The Tatra Mountains – Mt Giewont and Zakopane

The Tatra Mountains – Mt Giewont and Zakopane

Think Poland and the word ‘Mountains’ probably isn’t immediately synonymous with the country. But whilst it doesn’t have the extensive mountain ranges cutting swathes through its land a la the likes of Switzerland and Austria, the Tatra Mountains certainly do make the excursion here worth your while, as my trek to reach the summit of Mt Giewont abundantly proved.

The Tatras lead on to the mighty Carpathian Mountain range, which forms a formidable natural border with Slovakia to the south – and mountain peaks poke above the buildings of nearby Zakopane. In contrast to, say, somewhere like Innsbruck – where the mountains seemingly raise straight from the rooftops – they are a little bit pushed back and away, but still provide an impressive framework for the town nonetheless.

Which, of course, is not to denigrate the town of Zakopane in any shape or form. It boasts distinctive wooden architecture, the legacy of one Stanisław Witkiewicz, an architect who built several wooden villas in the area. Couple this with a pleasant main thoroughfare in the form of Krupowki, and it all adds up to a charming little place.

Starting nice and early, I headed first to Polana Strazyska, from where you get your first real good look at Giewont’s summit. Legend has it that sleeping Knights await under these, waiting until Poland needs them, and the three peaks do resemble the profile of a sleeping Knight as viewed from the side. If you push on for a few more minutes then you’ll see Siklawica, a two-tiered waterfall that, whilst rather slender (I understand it’s more dramatic after heavy rainfall), makes for pretty enough viewing, probably because of the neat hollowed-out carving behind the water curtain.

I doubled back and veered West to tackle the remainder of the ‘red route’ path up toward the summit, which for the first part shares the ‘black route’ trail with Dolina Grzybowiecka. With coloured marking reminders cropping up less than every 100 metres or so you would have to work very hard indeed to get lost (or wander off the trail in to the den of a bear…). A hugely impressive feature to help keep all trekkers on track.

If you’re thinking of attempting an assault on Giewont, a word of caution – it is not easy. I’m saying this as someone who has climbed Mt Kilimanjaro and done the UK Three Peaks Challenge; whilst I would not put it in the same bracket of difficulty as those two particular climbs, it nevertheless makes for an intense, one day experience, and not for the unfit or inexperienced.

Case in point – the paths were noticeably steeper in Dolina Grzybowiecka than in the previous sections of the red route. I was blessed, lucky me, with a warm sunny day, but here I found myself grateful for the cooling, overhanging trees sheltering me from the suns rays.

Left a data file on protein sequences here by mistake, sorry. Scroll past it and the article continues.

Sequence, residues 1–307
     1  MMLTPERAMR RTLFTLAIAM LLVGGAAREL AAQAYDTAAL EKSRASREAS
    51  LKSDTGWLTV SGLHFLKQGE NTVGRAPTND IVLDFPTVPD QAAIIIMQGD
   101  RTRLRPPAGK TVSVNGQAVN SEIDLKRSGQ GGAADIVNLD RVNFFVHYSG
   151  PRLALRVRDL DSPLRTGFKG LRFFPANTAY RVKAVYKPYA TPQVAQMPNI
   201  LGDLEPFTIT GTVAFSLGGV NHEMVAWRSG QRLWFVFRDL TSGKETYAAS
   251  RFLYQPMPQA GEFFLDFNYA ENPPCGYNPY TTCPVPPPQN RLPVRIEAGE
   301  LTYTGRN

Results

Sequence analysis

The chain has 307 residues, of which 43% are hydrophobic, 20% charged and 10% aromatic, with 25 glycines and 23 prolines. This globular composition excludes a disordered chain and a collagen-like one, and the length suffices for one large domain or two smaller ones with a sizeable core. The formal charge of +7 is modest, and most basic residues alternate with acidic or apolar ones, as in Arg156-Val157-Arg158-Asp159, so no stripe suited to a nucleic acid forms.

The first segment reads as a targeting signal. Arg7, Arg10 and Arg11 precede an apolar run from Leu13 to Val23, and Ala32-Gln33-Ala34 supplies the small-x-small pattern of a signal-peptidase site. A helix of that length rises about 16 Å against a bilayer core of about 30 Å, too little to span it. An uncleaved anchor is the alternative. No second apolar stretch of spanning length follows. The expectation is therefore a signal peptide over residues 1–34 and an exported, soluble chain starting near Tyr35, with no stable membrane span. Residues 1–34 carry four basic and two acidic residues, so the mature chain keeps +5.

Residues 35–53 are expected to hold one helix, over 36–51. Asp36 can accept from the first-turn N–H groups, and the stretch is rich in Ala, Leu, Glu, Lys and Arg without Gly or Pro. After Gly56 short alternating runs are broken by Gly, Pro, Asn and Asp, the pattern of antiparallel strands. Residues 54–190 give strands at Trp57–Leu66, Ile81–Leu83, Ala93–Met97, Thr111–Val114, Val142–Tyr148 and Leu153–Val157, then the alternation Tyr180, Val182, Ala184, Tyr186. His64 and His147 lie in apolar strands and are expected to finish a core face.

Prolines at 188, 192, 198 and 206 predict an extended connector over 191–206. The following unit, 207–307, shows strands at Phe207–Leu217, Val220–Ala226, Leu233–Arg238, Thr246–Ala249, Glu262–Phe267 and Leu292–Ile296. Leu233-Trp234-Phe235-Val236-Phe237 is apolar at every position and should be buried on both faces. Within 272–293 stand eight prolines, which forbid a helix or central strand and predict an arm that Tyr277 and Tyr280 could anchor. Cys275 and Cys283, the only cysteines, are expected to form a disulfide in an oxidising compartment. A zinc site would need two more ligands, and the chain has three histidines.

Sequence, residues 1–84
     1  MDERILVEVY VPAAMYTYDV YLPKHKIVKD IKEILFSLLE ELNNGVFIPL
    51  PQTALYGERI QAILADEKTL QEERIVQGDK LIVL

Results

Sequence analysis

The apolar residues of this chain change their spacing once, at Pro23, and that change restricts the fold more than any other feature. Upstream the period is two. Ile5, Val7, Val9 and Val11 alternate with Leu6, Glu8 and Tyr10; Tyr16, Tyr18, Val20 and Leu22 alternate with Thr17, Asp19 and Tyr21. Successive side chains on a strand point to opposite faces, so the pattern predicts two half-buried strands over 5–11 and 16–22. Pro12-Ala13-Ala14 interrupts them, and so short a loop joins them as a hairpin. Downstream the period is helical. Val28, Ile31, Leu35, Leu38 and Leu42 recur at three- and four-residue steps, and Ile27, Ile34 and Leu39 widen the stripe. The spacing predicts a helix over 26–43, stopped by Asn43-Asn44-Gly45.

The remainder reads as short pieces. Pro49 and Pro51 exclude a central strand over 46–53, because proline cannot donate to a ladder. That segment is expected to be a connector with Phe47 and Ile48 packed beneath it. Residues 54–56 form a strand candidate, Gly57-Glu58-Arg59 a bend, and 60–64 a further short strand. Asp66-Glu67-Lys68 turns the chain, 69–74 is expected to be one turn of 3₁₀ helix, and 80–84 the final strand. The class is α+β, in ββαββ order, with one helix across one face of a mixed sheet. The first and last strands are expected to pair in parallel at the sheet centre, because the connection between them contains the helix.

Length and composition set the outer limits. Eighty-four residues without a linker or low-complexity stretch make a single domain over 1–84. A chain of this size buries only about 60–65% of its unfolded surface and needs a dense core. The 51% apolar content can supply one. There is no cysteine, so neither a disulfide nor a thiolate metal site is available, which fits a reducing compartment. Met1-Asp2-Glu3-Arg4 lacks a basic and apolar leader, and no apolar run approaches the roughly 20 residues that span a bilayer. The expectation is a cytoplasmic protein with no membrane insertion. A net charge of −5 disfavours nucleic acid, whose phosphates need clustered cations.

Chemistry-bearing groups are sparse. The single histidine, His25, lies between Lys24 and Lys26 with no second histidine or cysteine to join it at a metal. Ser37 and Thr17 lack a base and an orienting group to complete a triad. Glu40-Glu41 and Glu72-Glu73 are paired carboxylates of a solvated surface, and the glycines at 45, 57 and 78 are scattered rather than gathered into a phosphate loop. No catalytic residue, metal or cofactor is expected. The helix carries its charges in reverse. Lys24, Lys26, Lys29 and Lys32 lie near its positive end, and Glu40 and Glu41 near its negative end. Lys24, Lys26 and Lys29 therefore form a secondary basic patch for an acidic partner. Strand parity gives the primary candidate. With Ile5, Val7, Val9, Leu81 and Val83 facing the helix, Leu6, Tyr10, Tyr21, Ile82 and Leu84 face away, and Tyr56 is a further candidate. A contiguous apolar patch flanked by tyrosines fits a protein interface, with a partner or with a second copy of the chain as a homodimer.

When the red and black routes diverge at around Grzybowiec, you get your first real views of mountain vistas. And very fine they are too! This being Autumn, I was lucky to get a combination of multicoloured Autumnal hues of the trees in the foreground, and the beginnings of snow on some of the majestic rocky edifices of the peaks around. Very photogenic!

The steepness of the gradient increases the closer you reach the summit, as does the sheer brutality of the rocky ground underfoot. But the distinctive summit of Giewont – topped by a 15m steel cross, making the climb a pilgrimage in more ways than one – kept spurring me on.

Just as well, really, as the rows of support chains hewn in to the sheer rock face tells you all you need to know – it’s a bit of a mad scramble for the very last section! Fun though, and the trick is to pull your weight through your upper body, to give those hard working legs of yours a much needed rest!

So finally, I made it to the top, and yes, it really was so worth it.

Those watercolour painting Autumnal trees are even more impressive from up here, spread out like a vast, easy to appreciate tapestry of vivid colours. A little further away are the towns – Zakopane chief among them, of course – built across the rolling hillsides of the lower foothills to the North.

And then, of course, there are the Tatra Mountains, some up close and stark in relative close proximity, and some in semi-silhouette in the middle and further distance, stretching away across the horizon in craggy magnificence. Crowded as it is at the top, I do recommend lingering here as long as you can to savour those sublime views.

I opted to take the blue route back toward Zakopane – a vague notion to climb nearby Kopa Kondracka was quickly squished, as I wanted to return to base at a reasonably early time! – which made for a pleasant descent back down toward Kuznice, where Tatra National Park HQ is based. The plunging green valley views, plus mountain scenery, remain, with some cable car action thrown in for good measure.

Upon returning to Zakopane there was only one thing left to do – get one of the local beers!

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